The FourFourTwo Season Preview 2015/16: Swansea
Top that, Swansea. A highest-ever Premier League finish, despite losing their star striker in January, should have most Jacks fans in dreamland. But according to one poll, what 62% of them are dreaming of, in fact, is finishing even higher than last season’s eighth place. Manager Garry Monk - rewarded with a new contract in the summer - has acted accordingly, reinforcing his squad early in what appears to be the right areas of the field, all the while trying to play down expectations with talk of the “hardest ever Premier League season, because of the new TV deal”. You’re fooling nobody, Gaz. Swans expect.
- Eder (Braga)
- Kristoffer Nordfeldt (Heerenveen)
- Franck Tabanou (St Etienne)
- Andre Ayew (Marseille)
- Jazz Richards (Fulham)
- Alan Tate (Released)
- Gerhard Tremmel (Released)
Why they’ll do well
Swansea have moved quickly to ensure that Wilfried Bony won’t be missed for long, with targetman Eder signed from Braga as a like-for-like replacement. With Bafetimbi Gomis starting to hit his straps towards the end of last season – scoring six goals in 10 games – and Gylfi Sigurdsson, Ki Sung-yueng, Jonjo Shelvey also chipping in frequently from midfield, suddenly the goals look like they could come from anywhere. But undoubtedly the biggest story of the summer is the signing of Andre Ayew. Somewhere near the peak of his powers, the Ghana star – who can play on either wing or as a second striker – could have had his choice of clubs given he was available for free after his contract at Marseille ran down. It speaks volumes for how far Swansea have come that he’s swapped the Cote d’Azur for South Wales. And we haven’t even mentioned the other threats from wide offered by Jefferson Montero, Wayne Routledge, Marvin Emnes and Nathan Dyer.
Why they’ll do badly
Monk does, indeed, have plenty of attacking talent at his disposal, but you don’t have to look far to find stats to suggest they need to be more clinical. For all their possession, no Premier League team spent less time in the opposition half of the pitch than Swansea last season (21%), while no one spent more time in the middle of it (48%). Further proof that they too often try to score the perfect goal comes in the form of their goals-from-set-pieces numbers; just eight last season, a Prem low (Newcastle apart). There’s also the question of whether Swansea can cope with increased expectations. While there are obviously areas in which they can improve, the same can be said of the teams around them. Stoke, Everton and West Ham, to name but three, will all expect to do better this season.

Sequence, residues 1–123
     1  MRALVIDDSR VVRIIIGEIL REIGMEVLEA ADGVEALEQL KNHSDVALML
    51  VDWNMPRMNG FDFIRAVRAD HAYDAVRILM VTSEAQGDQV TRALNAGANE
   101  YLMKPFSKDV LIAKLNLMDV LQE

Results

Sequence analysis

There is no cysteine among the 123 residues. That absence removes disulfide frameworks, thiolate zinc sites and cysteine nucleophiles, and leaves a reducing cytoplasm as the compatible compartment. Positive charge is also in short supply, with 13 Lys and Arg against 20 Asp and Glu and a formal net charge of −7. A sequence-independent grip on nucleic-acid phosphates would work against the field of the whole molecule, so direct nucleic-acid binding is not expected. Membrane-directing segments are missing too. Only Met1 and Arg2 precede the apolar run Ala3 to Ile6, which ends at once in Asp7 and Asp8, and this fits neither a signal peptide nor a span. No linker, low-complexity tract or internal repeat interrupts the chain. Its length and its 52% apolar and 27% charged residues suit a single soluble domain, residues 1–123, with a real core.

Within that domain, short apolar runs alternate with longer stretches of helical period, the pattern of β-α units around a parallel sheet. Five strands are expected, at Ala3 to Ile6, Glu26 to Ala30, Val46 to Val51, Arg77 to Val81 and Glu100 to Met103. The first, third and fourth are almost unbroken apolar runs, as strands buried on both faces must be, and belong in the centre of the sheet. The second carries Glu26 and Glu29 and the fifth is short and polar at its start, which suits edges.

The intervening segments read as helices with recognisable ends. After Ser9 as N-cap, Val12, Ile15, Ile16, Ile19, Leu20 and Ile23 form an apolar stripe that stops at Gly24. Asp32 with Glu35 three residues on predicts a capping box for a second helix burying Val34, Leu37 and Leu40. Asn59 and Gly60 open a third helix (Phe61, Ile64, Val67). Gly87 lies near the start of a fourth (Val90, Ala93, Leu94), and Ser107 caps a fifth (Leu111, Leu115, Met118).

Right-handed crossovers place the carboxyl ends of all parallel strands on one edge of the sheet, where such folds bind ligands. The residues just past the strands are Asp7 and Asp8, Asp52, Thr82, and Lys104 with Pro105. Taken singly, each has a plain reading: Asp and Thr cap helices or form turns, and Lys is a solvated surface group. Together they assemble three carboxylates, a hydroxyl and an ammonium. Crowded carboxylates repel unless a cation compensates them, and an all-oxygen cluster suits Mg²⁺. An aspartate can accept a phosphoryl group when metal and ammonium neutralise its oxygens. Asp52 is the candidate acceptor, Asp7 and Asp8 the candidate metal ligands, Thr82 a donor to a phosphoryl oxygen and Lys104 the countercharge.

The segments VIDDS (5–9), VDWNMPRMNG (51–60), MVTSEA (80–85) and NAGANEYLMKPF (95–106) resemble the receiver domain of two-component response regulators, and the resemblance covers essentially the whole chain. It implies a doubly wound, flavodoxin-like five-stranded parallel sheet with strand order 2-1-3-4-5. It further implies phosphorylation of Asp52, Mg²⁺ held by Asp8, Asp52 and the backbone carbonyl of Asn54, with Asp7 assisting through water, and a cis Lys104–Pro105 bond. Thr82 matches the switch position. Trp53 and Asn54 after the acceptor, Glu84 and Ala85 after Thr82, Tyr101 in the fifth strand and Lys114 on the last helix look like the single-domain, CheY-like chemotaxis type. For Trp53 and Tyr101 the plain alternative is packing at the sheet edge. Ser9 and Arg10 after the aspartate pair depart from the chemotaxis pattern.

The big questions...
1) Are they over-reliant on Ashley Williams?
The Wales captain is one of the most consistent performers in the Premier League, but with Swansea more likely to nick a 1-0 than steamroller teams, is it too much to expect the nearly-31-year-old – who played all but one league game last season – to keep putting it all on the line? We think so. Youngsters Jordi Amat and Kyle Bartley – who both suffered injury problems last season – need to prove they can step up.
2) Can they capitalise on Southampton’s Eurotrip?
In truth, Swansea were a distant eighth to Saints’ seventh last season, the two teams being separated by just four points but a goal difference of 24. The Jacks will be hoping Southampton’s Europa League exploits will allow them to overhaul Ronald Koeman’s side and top the ‘second tier’ of the Prem.
3) Who is Swansea’s next big thing?
If Monk is to take his team onto the next level, he could do with one of the club’s many promising youngsters – either bought as teenagers or developed themselves – becoming a bona fide superstar. Midfielder Matt Grimes looks most likely, having featured heavily in pre-season.
Key player: Lukasz Fabianski
Plucked from the Arsenal bench (at best), the Polish freebie was a revelation in his first season at the Liberty Stadium, making the most saves of any top-flight goalkeeper (137) and picking up several man-of-the-match awards, including on his return to the Emirates. Michel Vorm, currently warming the dugout on the other side of north London, was barely missed. That said, Fabianski would surely prefer not to be called upon so often; Swansea were among the top six Premier League clubs in terms of shots conceded (14.6 per game). Sweden international Kristoffer Nordfeldt has been brought in from Heerenveen as backup.
What we’ll be saying come May
This season was always going to be an anti-climax for Swansea since the Premier League announced rules limiting the number of wingers in each squad to 10. Forced to play proper full-backs – well, Kyle Naughton – in the wide defensive positions, Swansea’s possession-at-all-costs philosophy fell down somewhat when they discovered that the backpass rule had been scrapped in 1992. Needing several months to adjust, they eventually finished 16th.